Microsoft's former CEO Steve Ballmer may have described Linux as a "cancer" but in recent years the software giant has shown a willingness to experiment with open source.
While it might be hard to swallow the proclamation by new chief Satya Nadella that "Microsoft loves Linux", the firm has open sourced large parts of its .NET development framework, launched the open source web programming language TypeScript, and even hinted it may one day lift the lid on the code that powers Windows, the firm's longstanding proprietary cash cow.
These limited concessions towards openness are a strategic play, an attempt to boost the number of people using technologies tied to Microsoft's paid for software and services.
Mark Russinovich, Microsoft technical fellow and Azure CTO, told the ChefConf event last week that opening up .NET helps to "get people started on other Microsoft solutions", concluding "it lifts them up and makes them available for our other offerings, where otherwise they might not be."
Microsoft is not alone in looking to wield open technologies as a weapon against rivals. Increasing numbers of companies are using this approach to stay ahead of competitors, according to a research paper, Beware of Geeks Bearing Gifts by CSC's Leading Edge Forum.
Publicly Microsoft says it's already reaping rewards from its forays into open source. Kasey Uhlenhuth, program manager with Microsoft's managed languages team, wrote this week about the spurt in the number of developers contributing to the source code for Roslyn, a compiler for the .NET software framework, since Microsoft revealed the platform's source code last year.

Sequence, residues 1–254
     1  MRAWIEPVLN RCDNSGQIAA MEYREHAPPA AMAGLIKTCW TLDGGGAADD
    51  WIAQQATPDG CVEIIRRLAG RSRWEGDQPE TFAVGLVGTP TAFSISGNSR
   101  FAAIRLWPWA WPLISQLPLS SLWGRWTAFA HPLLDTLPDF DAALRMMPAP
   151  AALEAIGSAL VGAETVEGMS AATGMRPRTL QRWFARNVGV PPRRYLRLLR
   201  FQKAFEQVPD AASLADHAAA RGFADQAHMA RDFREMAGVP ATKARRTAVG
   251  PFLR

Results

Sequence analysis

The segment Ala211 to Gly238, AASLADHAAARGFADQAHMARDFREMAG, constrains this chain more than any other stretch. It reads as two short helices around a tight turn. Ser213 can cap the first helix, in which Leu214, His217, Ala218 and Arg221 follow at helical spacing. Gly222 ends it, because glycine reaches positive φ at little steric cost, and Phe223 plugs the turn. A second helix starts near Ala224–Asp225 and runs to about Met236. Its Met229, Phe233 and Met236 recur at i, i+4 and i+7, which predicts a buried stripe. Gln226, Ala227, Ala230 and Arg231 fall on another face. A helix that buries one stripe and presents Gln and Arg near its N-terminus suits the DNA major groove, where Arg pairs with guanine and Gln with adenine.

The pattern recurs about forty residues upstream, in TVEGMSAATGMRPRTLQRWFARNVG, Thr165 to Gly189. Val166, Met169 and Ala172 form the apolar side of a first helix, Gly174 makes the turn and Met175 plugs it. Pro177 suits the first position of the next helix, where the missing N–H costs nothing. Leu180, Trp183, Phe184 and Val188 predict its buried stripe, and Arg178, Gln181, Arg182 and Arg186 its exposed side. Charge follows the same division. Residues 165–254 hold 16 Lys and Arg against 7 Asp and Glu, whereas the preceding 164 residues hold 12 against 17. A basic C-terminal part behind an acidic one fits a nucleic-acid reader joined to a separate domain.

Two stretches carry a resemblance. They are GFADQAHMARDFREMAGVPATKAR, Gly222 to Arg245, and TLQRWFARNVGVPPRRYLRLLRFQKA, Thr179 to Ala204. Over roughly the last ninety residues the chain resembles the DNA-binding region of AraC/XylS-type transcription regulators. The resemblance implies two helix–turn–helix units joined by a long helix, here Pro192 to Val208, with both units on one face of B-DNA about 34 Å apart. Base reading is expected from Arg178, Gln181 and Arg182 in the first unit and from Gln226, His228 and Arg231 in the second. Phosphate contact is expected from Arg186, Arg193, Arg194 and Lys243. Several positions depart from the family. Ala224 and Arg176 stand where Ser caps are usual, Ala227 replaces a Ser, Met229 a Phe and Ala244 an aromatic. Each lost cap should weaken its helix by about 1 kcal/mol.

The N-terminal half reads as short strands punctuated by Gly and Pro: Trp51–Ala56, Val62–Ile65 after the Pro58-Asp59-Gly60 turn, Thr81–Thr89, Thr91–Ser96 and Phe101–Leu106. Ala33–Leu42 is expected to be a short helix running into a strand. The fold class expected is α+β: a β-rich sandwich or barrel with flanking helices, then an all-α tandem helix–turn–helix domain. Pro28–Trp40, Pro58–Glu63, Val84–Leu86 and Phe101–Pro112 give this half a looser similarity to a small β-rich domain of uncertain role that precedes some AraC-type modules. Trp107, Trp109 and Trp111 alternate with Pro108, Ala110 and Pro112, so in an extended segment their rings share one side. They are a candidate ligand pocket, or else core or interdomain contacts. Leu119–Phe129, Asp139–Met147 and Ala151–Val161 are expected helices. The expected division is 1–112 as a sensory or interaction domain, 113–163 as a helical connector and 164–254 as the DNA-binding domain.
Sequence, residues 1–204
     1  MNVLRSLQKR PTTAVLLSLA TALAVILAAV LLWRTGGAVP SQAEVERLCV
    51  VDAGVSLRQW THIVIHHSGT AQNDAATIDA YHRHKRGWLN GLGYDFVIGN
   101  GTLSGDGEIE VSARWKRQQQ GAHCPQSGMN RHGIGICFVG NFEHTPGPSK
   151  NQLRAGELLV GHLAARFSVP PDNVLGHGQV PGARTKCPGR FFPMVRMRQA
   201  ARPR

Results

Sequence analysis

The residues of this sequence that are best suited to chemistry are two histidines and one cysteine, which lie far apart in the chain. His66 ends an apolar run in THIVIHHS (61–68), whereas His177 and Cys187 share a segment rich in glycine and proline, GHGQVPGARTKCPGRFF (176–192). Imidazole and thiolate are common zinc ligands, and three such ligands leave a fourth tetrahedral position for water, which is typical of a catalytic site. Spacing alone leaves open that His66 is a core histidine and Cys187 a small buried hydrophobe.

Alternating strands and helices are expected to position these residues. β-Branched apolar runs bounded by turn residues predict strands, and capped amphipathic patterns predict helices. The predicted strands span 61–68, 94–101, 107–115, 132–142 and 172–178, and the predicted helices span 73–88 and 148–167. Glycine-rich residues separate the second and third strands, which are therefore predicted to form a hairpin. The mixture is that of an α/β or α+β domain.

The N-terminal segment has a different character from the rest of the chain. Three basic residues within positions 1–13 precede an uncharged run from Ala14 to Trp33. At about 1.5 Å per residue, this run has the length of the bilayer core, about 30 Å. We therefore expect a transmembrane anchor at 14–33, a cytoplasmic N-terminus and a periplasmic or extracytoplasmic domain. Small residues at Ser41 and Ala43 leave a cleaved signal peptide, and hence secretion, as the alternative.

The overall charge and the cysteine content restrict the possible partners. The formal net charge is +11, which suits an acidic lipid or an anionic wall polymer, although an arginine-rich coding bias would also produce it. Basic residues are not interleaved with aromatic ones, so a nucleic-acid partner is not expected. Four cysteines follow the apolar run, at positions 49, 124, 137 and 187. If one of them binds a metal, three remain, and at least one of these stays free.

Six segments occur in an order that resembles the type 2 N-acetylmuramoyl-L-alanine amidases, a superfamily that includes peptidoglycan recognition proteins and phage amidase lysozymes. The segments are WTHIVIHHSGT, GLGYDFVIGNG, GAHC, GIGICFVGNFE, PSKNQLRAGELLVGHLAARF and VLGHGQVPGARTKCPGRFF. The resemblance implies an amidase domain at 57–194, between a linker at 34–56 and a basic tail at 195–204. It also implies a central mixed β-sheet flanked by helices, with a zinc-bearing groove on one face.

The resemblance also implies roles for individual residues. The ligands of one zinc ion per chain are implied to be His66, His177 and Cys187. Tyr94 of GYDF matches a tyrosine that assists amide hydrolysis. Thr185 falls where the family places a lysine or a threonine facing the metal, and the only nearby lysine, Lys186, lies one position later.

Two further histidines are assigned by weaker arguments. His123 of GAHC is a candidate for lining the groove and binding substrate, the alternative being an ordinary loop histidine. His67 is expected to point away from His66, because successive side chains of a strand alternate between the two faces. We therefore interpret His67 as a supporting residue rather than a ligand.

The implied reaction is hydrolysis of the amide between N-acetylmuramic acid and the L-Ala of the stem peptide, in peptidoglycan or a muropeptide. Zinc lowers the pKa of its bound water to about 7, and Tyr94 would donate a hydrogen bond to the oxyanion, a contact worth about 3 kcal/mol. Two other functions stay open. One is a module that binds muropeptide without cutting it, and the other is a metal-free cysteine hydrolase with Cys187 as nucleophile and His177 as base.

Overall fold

Roslyn provides a set of open source compilers and code analysis APIs for the C# and Visual Basic (VB) programming languages. The source code is available via GitHub under the Apache 2.0 license.
Ultimately, Roslyn is designed to make .NET a more attractive framework to build software around. Exposing Roslyn's code analysis via APIs has "lowered the barrier" for third parties to create tools and applications that simplify coding using C# and VB, according to Microsoft. The better that Microsoft can make Roslyn, the more developers are likely to be tempted to create applications for the .NET framework, which is closely associated with Windows.
Since open-sourcing the code for Roslyn, the number of developers contributing code to the platform and reporting issues has grown markedly.
"Moving to a workflow that has our team working in the open as much as possible and using the same contribution model as the community has allowed us to almost double our community engagement in a third of the time," Uhlenhuth said.
Microsoft attributes this growth to a shift towards running Roslyn as what it calls a 'fully open source' project.
"We have adopted a 'fully open source' model where we are developing and working entirely in the open," Uhlenhuth said.
"We file bugs and design notes in GitHub's issue tracking system and submit all of our code changes as pull-requests. We use GitHub's code review system as our own and use Markdown to link issues or communicate about code. We also established a crisper idea of what we accept for pull-requests, what sign-offs we require for pull-requests to be merged, what style guide we recommend, and what an acceptable time frame for closing a pull-request is (roughly 10 days, if you were wondering)."
Uhlenhuth admits the open source system could still use refinement but says "based on the quantity and quality of projects in the community that use Roslyn, it is clear we made the right move by open sourcing our platform".
Nick Heath is chief reporter for TechRepublic. He writes about the technology that IT decision makers need to know about, and the latest happenings in the European tech scene.